An unresponsive, boring and overly complicated mess of a game with a dreary unoriginal story. I gave up after about 10 hours when I realised that I wasn’t under any obligation to finish it.

And lastly, on the subject of awful controls, I recently played Mafia III, which came free with my PS Plus subscription.

Now I’m by no means a fan of the way Red Dead 2 controlled, but it was streets ahead of this clunky pile of garbage.

Definitely not worth your time.

 


The Rocky Movies Ranked.

December 23, 2018

My girlfriend Mhairi and I have been together for three years as of last Wednesday and this year we’ve bought a house together.

So I decided that I would take our relationship to the next level recently and made her do something that she has resisted doing for so long; make her do something that I’ve always been dead keen on but that she herself thought might be painful and not particularly enjoyable for her.

Obviously, I’m talking about making her watch the Rocky movies with me.

You knew that, didn’t you?

Anyway, having watched them all again over a period of a couple of weeks, I felt it was time to rank them for this blog.

My enjoyment of a Rocky movie comes down to a few key factors in no particular order…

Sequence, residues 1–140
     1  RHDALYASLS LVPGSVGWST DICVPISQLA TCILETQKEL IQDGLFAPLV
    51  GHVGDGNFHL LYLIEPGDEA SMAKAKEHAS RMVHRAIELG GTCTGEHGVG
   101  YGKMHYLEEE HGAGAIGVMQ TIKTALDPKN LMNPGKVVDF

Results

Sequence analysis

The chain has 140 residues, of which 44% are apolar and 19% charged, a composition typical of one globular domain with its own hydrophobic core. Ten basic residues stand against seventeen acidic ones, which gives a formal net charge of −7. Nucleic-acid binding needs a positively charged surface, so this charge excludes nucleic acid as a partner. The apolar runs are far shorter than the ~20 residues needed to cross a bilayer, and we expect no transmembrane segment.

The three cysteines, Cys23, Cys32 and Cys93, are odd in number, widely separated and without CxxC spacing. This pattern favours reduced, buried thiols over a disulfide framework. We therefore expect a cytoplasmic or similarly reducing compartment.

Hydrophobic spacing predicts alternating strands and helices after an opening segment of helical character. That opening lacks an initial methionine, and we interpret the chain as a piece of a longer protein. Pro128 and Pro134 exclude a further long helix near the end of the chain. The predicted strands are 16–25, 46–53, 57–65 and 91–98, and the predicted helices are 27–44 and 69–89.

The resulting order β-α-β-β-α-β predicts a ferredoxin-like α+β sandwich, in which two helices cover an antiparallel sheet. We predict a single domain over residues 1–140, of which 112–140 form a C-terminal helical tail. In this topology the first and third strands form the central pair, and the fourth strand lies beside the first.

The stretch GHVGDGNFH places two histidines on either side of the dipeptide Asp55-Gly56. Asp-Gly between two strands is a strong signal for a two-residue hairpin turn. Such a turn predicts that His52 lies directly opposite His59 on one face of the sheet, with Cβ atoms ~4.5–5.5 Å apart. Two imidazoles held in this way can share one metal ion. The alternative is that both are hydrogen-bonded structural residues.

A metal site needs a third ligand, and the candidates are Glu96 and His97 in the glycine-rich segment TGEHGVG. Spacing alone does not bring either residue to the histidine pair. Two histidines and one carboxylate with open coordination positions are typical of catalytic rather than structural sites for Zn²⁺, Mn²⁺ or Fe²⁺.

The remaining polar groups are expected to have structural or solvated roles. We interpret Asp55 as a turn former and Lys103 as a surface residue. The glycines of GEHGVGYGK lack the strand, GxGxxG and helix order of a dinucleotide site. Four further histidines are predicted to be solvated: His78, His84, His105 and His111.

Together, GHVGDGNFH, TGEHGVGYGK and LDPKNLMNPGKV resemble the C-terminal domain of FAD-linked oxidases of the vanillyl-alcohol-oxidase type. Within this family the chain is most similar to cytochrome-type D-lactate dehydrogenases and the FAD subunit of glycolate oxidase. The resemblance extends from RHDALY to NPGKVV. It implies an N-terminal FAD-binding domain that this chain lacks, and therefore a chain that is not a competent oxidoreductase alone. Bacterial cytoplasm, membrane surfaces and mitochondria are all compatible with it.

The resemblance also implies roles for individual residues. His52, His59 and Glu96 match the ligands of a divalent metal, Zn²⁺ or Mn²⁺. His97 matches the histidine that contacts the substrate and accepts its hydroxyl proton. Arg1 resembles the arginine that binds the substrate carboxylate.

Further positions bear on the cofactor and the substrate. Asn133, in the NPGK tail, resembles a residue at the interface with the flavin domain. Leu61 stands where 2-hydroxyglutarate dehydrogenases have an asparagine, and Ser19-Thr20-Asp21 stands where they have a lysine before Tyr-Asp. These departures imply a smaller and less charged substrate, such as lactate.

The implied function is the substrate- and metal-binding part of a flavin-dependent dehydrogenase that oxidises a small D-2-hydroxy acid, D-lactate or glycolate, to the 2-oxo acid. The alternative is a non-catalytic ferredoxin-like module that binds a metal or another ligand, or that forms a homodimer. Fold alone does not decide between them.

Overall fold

• Plot
  • Training Montages
  • Opponent/Other Characters
  • Music
  • How much screen time Adrian gets

I’m not too interested in how it’s filmed or how much inner truth the director gets out of the characters. Call me superficial, but I believe a Rocky movie is about the reason for the fight, time devoted to the build up to the fight, some drama in the fight itself, some good music throughout and as little of Adrian as possible.

There’s no question that Rocky’s awful shrew of a wife is the worst aspect of the franchise, thanks both to the character being so annoying and Talia Shire being such an awful actress.

I understand that she is an important part of Rocky himself, but I don’t care. Less Adrian = Better Movie.

Mhairi disagrees with we on Adrian by the way, as she thinks he helps balance the movies, but I’m resolute on the matter.

Anyway, on to the rankings and you’ll be shocked to read what comes last…

8th. Rocky V

Here’s a Rocky movie with no boxing match for Rocky, no training montages, no opponent and a lot of Adrian moaning. She also stops washing her hair to sell the point that she’s moved from a mansion to a reasonably sized house.